Colloquium #1 Annabel Astbury

The first colloquium provided rich insights into the work of Annabel Astbury and the ABC Splash website. They took up the challenge to provide high quality resources to the education community, linking reliable Australian content through Scootle and the Australian Curriculum. The site reflects the changing educational resources landscape and resources are pitched at a level readily accessible to primary and secondary students.  The take-up is most popular during the school week, and as the site’s analytical data illustrates, the videos games and competitions are motivating, and usage is increasing. Annabel admits there are challenges in providing quality resources for a relatively small market, if we are to be compared to PBL in the USA or BBC in the UK.

I found Annabel’s thoughts on the relinquishing of control by educators very timely. Students are engaging with the games and competitions, despite the general lack of prizes or extrinsic rewards. Perhaps this is a reflection of the flattening of hierarchy in schools, the encouraging of students to explore resources without constant direction. That would be my optimistic view. It is certainly a terrific example of the art of the possible – drawing together of excellent curriculum-linked resources that are engaging and easy to access.


Flexible, blended, and online learning

Frequently used terms such as flexible learning, online learning and e-learning “are understood in very diverse ways by providers and clients.Consequently what they do under these headings, and the judgements they make about the outcomes and outputs vary greatly” (KPMG Consulting Australia & LifeLong Learning Associates, 2002, p. 82).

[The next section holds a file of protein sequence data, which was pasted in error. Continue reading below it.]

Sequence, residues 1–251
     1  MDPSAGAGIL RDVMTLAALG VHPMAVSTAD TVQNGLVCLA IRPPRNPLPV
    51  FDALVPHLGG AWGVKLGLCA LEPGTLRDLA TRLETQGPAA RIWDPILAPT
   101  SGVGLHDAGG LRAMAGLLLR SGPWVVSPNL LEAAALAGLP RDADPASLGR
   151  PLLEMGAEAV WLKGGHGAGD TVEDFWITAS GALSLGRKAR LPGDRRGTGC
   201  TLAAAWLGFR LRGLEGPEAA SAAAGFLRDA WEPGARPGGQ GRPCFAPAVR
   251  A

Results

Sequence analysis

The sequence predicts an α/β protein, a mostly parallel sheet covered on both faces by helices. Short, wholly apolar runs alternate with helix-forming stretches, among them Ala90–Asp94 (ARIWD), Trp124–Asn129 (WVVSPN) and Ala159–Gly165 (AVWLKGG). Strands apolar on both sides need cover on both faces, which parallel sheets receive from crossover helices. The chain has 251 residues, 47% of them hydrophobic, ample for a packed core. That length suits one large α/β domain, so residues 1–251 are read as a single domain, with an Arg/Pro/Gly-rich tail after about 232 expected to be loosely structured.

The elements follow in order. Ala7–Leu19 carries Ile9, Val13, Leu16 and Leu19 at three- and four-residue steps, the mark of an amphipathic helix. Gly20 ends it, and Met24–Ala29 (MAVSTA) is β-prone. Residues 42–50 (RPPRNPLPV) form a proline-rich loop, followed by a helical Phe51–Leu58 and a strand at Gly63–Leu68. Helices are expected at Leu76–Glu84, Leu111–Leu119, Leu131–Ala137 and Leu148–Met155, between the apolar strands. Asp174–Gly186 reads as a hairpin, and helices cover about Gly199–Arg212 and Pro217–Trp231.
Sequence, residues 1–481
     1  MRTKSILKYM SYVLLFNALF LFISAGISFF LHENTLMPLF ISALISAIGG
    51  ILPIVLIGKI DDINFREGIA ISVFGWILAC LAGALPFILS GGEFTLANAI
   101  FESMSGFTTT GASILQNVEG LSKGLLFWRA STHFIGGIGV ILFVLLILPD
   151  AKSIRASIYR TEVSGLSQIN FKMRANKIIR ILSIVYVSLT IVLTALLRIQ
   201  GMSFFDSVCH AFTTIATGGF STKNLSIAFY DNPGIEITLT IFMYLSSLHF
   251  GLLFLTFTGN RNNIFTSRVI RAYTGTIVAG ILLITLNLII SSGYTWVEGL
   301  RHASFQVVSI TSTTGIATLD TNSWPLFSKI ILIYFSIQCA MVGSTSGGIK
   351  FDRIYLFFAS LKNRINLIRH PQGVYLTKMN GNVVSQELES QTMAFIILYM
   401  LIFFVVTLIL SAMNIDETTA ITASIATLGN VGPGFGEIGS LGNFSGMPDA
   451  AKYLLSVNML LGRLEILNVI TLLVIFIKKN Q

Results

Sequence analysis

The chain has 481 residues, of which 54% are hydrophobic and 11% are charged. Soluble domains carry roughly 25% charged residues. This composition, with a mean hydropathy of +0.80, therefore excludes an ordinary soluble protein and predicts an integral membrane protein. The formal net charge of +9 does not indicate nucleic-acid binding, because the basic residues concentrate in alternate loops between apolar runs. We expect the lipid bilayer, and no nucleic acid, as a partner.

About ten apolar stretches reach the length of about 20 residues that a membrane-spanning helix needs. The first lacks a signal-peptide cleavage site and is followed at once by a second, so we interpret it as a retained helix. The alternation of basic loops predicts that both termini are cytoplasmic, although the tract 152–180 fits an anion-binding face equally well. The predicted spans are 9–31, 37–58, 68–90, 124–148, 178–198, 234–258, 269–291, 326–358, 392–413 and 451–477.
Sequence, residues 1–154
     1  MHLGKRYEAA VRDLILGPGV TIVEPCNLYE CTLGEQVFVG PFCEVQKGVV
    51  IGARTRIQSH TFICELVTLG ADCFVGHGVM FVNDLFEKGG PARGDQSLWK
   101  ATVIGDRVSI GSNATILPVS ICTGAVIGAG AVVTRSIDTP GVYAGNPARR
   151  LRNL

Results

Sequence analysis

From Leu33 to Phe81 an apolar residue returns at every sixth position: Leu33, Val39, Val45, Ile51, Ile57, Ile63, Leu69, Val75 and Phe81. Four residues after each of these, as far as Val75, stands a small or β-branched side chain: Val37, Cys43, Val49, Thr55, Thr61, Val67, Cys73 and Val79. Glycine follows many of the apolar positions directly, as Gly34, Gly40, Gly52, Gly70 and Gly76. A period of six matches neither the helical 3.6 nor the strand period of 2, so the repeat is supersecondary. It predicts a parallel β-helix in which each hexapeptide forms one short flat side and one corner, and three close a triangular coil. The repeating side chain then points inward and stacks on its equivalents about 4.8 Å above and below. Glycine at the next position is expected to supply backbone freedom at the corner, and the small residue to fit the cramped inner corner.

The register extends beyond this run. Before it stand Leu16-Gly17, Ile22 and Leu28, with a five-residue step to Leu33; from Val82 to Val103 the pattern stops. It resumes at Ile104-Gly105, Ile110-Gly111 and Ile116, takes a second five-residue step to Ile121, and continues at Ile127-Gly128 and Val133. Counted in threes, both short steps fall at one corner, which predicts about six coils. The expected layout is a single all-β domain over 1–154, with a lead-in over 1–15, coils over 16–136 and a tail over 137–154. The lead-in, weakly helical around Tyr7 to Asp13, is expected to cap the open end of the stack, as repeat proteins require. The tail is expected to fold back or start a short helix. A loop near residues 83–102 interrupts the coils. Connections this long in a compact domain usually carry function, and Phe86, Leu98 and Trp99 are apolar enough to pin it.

Todhunter’s paper illustrates the lack of clarity university students may perceive in their understanding of the above terms. There exists, however, a technological imperative to do online what is possible in a proximate context.  Universities who advocate distance learning, MOOCs and the like, envision the potential technology affords. Todhunter points out the disparity between the definition of an “on-campus” student and an “off-campus” one. Does one who is on site physically, seated in the cafe but not the lecture theatre, constitute an on-campus student? Watching his lecture in his own time rather than at the appointed time? The question Todhunter raises is one of semantics.


Adelaide Uni Hub - 16 copy

In the secondary situation, students gather in groups of similar ages, in a physical location, reined around that location by teachers and bells, packing and unpacking bags, beginning and ending lessons in different disciplines. Technology is cornered into the same pattern, with the LMS as the new blackboard and the iPad as the new slate. The potential to create a more dynamic virtual and physical space for learning is always there, but the importance of the forming of a mindset for change, for an emerging collaborative and connected culture, remains latent in the shared philosophy of what constitutes secondary education.

Todhunter, B (2013) LOL — limitations of online learning — are we selling the open and distance education message short? Distance Education, 34(2), p.232-252